Summer of Rage

July 5, 2018 · 4 minute read

Rebecca Traister has written an excellent article about the outsized power of white men in the United States.

White men make up only a third of the popuplation, yet every president has been male and, with one notable exception, white. They still dominate political power.

Their outsize power is measurable by the fact that they still — nearly 140 years after the passage of the 15th Amendment, not quite 100 years after the passage of the 19th Amendment, and more than 50 years after the passage of the Civil Rights and Voting Rights Acts — hold roughly two-thirds of elected offices in federal, state, and local legislatures.

[…] I think its more than that: The hold that the minority has on every realm of power — economic, social, sexual — is so pervasive and assumed that we don’t even notice when the few oppress the many. Its invisible, and any show of defiance against that power is what stands out as aberrant and dangerous.

This all seems unsurprising, if disheartening. The part that has so mystified me, and something I ruminated over in my post-election ramblings, is the voting record of white women. Most of the statistics about the election were not terribly surprising to me. Yes, men favored Trump over Clinton. White people voted Trump. Black people voted Clinton.

The surprise to me is that white women, who, like white men, make up about a third of the American population, overwhelmingly voted for Trump. Why would they prefer a candidate who treats them as less-than-human? A candidate who seemingly goes against their interests?

And yes, some of the upholders of minority power are themselves women — women working in service of a brutal white patriarch and the brutal white patriarchal party he leads. Similarly, a majority of white women voted for Trump, and always vote for his party, because they benefit from white supremacy even as they are subjugated by patriarchy. This same dynamic explains why higher percentages of men in every racial category voted for Trump and his party: They gain through the patriarchy even as they are oppressed by white supremacy. This is how minority rule persists.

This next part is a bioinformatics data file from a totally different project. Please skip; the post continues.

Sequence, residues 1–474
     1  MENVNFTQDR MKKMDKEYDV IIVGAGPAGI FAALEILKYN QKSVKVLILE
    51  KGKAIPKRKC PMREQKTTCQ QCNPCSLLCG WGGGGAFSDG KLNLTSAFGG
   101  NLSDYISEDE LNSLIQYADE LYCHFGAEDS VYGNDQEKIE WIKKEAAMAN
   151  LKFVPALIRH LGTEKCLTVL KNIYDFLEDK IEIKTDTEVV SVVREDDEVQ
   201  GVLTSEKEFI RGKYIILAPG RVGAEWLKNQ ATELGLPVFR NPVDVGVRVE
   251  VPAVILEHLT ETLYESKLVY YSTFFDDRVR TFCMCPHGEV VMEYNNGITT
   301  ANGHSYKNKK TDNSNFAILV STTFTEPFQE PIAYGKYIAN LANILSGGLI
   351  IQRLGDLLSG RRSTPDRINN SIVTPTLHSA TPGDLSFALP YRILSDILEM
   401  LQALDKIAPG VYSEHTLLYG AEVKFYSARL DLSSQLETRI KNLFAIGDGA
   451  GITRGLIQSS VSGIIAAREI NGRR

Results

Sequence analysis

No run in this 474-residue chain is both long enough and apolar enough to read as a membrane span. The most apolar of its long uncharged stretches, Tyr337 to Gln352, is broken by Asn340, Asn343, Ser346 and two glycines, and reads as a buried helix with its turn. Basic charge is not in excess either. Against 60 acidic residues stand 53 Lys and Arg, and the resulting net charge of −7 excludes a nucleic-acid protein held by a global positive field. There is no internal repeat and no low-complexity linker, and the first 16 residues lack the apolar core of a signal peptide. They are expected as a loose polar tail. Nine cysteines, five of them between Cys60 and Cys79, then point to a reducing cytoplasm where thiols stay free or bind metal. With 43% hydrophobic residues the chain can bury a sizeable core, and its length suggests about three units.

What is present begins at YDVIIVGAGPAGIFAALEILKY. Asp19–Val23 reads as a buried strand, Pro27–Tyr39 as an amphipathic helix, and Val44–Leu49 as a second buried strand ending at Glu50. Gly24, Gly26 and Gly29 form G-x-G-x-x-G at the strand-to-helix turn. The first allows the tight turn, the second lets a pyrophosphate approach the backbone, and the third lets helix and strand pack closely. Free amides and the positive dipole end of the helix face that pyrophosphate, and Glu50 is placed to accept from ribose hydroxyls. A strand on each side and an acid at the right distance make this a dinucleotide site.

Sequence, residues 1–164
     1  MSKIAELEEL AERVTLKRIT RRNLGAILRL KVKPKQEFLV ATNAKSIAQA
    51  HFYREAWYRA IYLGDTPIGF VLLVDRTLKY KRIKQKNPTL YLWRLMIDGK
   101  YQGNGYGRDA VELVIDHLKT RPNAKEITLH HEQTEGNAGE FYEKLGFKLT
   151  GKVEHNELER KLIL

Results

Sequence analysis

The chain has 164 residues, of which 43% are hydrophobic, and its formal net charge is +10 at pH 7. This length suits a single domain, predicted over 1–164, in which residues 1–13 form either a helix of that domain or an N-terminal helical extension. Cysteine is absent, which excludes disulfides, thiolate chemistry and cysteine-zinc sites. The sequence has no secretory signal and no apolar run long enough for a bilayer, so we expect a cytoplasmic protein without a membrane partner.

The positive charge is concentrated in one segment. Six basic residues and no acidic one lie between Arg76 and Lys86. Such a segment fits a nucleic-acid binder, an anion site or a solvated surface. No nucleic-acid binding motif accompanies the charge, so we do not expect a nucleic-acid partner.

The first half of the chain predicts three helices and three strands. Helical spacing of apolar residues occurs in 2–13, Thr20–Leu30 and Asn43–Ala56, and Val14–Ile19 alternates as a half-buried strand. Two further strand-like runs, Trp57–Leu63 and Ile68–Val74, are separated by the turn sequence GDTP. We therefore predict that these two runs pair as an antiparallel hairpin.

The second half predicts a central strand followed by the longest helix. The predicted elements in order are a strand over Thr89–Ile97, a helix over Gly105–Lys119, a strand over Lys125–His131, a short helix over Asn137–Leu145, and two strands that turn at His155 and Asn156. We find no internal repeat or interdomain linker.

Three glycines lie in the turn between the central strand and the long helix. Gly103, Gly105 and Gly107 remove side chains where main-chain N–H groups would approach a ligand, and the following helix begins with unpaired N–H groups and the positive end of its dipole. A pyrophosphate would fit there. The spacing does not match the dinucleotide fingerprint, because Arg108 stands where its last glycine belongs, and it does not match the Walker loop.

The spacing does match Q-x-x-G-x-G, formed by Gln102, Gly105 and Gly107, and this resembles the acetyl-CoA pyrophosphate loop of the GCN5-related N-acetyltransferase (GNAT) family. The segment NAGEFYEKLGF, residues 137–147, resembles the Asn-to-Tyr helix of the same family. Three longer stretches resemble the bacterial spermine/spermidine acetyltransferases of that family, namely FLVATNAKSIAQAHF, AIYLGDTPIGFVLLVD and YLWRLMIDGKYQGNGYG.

I think Traister is on to something when she makes this point. White women may not be directly in power, but they benefit from the power of the white patriarchy. To upset this order would be to upset their position. They may not be as powerful as white men, but they are more powerful than other groups, and supporting a woman, or a black person, upsets the balance of power.

Supporting the status quo, supporting the system they grew up in, makes sense. Even if they are not directly in power, their husbands and fathers and sons are. And by and large, the role of women has been to support their families.

Part of this also is simply the “conservative” mindset. Even if the status quo is not perfect, it still known. In general, the left are more neophilic (attracted to new things) and the right are more neophobic.

Traister goes on to point out the rise of women such as Alexandria Ocasio-Cortez who have hope of upsetting this balance of power.

But thats also why he, along with liberal political leadership, should perhaps pay closer attention to the women who are staging electoral coups

I think Traister is making the point that there is a new generation of unabashedly liberal candidate on the rise, and there lies hope.

I’d like to think there is an opportunity here for there to be real change in American politics, for there to be more representation in our representational government. It’s hard for me to envision right now.

Hillary Clinton, an intelligent, experienced, politician, was perhaps the worst candidate that the Democrative Party could have nominated. She has been a lightning rod of right-wing hate for at least 25 years, and she lacks the charisma and real message of hope and change that could electrify the left like Obama did.

The Democratic Party has been almost completely ineffectual in the Age of Trump.

Hate for Trump is not a viable political platform. I’m certain the majority of people in the United States hate Trump. I’m not sure on how much else they do agree on.

The Republicans have a cogent platform. Anti-immigration. Gun rights. Conservative Supreme Court justices.

Will we see an uprising of Democratic candidates who are liberal enough to energize their base and also be able to build a real coalition? What does the Democratic platform look like in 2018? In 2020?

“Not Trump” is not enough.